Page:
Today Albania considers Turkey as one of its best allies. Nevertheless, to this day, the words "Anatolian", "Turk", "Pasha" etc, are employed as insults throughout the public discourse. In one of my essays, "The violent Islamisation of the enemy in the Albanian political discourse", I highlight the fact that our politicians persist in categorising their political opponent as "Oriental" or "Turk" in order to debase or darken their image. It is important to underline that the same terminology is employed by the Serbian nationalist discourse regarding their Albanian or Bosnian adversaries. One of the explanations for this similarity could to be found in the continuation of the same political communist elite that took power in Albania with the generous help of the Yugoslavs.

It is extremely interesting to notice that while most of the Albanian elite persists in demonising our Ottoman history and today's relations with Turkey, the complete reverse attitude is to be found amongst the average Albanian, who to this day considers Turkey as the friendliest state and the Turkish people as brotherly. The most vivid and sincere example of this expression of brotherhood is to be found in the outburst of joy that people demonstrated when Turkey's national football team achieved an important victory in one of the last world championships. People rushed out in the streets of Tirana to express their joy for this Turkish victory, which was obviously considered as common one, since people were usually carrying the Turkish national flag on one hand and the Albanian one on the other.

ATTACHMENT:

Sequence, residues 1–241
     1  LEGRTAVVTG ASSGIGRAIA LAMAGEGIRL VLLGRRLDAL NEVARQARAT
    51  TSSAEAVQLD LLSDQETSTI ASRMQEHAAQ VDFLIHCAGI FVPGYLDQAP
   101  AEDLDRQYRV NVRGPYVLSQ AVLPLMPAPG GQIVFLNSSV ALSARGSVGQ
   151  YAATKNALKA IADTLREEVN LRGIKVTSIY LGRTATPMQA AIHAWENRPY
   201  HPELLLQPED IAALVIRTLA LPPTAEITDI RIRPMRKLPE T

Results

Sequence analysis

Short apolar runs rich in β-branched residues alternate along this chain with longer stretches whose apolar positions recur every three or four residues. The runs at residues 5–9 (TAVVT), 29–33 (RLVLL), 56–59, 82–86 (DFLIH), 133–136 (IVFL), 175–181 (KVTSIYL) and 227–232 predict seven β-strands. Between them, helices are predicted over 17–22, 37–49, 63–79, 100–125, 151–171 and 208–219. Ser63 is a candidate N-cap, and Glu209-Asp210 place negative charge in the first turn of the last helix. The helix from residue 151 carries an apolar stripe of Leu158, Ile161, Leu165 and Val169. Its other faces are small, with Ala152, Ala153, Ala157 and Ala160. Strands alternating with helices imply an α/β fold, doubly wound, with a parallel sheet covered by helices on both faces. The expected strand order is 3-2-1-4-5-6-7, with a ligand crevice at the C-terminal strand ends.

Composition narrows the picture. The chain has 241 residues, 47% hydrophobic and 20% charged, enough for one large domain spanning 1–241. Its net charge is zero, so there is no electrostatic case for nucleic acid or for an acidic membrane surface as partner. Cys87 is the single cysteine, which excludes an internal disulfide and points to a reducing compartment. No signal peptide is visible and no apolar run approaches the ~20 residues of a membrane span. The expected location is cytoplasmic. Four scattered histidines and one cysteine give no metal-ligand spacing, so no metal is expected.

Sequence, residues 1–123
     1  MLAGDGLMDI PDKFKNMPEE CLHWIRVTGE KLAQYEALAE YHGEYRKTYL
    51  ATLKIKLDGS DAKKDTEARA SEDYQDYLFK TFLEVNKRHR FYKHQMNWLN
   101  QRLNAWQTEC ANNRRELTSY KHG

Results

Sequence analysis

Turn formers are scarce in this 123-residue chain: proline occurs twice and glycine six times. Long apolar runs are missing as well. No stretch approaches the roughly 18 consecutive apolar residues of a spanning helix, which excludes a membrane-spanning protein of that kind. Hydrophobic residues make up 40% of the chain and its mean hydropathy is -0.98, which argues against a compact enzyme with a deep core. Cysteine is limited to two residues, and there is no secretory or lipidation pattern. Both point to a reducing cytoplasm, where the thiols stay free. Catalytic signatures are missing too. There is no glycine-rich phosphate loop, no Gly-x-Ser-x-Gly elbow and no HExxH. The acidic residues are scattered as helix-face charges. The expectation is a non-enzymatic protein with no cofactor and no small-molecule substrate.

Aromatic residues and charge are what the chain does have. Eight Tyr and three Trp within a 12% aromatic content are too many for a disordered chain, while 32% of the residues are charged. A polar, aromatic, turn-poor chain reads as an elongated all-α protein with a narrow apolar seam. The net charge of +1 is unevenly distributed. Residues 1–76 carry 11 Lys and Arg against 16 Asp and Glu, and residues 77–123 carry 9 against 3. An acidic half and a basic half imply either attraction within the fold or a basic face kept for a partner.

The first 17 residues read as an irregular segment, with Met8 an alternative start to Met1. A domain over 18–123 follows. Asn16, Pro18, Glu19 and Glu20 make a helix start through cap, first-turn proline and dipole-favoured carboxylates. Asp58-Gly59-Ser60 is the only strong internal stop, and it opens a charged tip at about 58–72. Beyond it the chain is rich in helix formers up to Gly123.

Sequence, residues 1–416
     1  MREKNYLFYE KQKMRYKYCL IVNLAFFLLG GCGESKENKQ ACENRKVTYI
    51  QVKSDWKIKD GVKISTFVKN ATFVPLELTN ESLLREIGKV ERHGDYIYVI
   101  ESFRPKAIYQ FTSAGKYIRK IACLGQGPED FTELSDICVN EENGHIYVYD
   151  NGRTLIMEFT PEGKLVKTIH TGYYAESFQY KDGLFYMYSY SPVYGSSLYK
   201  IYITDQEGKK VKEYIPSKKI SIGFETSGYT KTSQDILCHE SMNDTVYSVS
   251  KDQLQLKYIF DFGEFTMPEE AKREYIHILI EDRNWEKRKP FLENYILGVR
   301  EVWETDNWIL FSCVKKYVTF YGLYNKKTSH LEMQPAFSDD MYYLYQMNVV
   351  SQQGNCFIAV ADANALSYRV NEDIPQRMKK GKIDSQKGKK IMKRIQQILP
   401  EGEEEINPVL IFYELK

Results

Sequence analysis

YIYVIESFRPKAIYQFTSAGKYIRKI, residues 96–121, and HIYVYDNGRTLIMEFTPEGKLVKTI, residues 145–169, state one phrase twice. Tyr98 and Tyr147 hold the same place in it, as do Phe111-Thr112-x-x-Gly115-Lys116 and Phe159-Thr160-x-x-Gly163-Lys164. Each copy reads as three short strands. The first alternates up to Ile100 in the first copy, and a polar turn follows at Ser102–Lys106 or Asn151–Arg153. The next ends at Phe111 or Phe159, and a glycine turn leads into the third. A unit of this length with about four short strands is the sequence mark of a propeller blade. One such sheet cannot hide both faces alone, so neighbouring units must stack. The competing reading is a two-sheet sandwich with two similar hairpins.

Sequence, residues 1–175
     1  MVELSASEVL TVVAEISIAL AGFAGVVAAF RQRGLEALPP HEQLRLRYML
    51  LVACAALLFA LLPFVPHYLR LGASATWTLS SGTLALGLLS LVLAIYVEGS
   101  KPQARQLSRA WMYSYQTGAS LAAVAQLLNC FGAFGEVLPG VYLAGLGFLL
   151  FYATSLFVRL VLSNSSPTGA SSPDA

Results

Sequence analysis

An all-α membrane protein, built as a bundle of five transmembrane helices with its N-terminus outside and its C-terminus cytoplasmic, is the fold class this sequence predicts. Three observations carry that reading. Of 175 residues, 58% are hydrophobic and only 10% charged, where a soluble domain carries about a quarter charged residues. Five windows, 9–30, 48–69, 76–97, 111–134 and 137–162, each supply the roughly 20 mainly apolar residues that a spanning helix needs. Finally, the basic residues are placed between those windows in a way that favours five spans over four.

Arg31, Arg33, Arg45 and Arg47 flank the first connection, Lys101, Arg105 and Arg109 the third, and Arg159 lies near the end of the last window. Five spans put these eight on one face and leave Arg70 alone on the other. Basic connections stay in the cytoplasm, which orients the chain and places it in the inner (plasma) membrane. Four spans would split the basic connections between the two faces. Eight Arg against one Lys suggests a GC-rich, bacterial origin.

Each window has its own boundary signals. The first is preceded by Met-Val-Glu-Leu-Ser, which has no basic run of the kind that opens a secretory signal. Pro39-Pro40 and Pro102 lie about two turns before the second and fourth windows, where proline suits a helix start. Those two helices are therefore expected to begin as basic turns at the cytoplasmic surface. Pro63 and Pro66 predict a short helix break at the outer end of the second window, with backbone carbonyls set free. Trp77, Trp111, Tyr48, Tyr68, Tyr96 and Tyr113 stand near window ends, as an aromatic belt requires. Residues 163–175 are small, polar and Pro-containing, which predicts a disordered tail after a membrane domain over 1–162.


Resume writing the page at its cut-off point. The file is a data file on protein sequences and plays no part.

Apart from the positive popular image, fortunately enough, a new generation of scholars is starting to appear. This generation, through the use of new methods and diverse sources, is striving to propose new approaches regarding our history, identity and culture, Ottoman or other. I tend to see this as a normalisation process. Normalising our approach to our history and culture is important because the internal tension within the Albanian identity is not healthy for the Albanian nation.

WB: Do you think the Albanian identity could survive without Islam?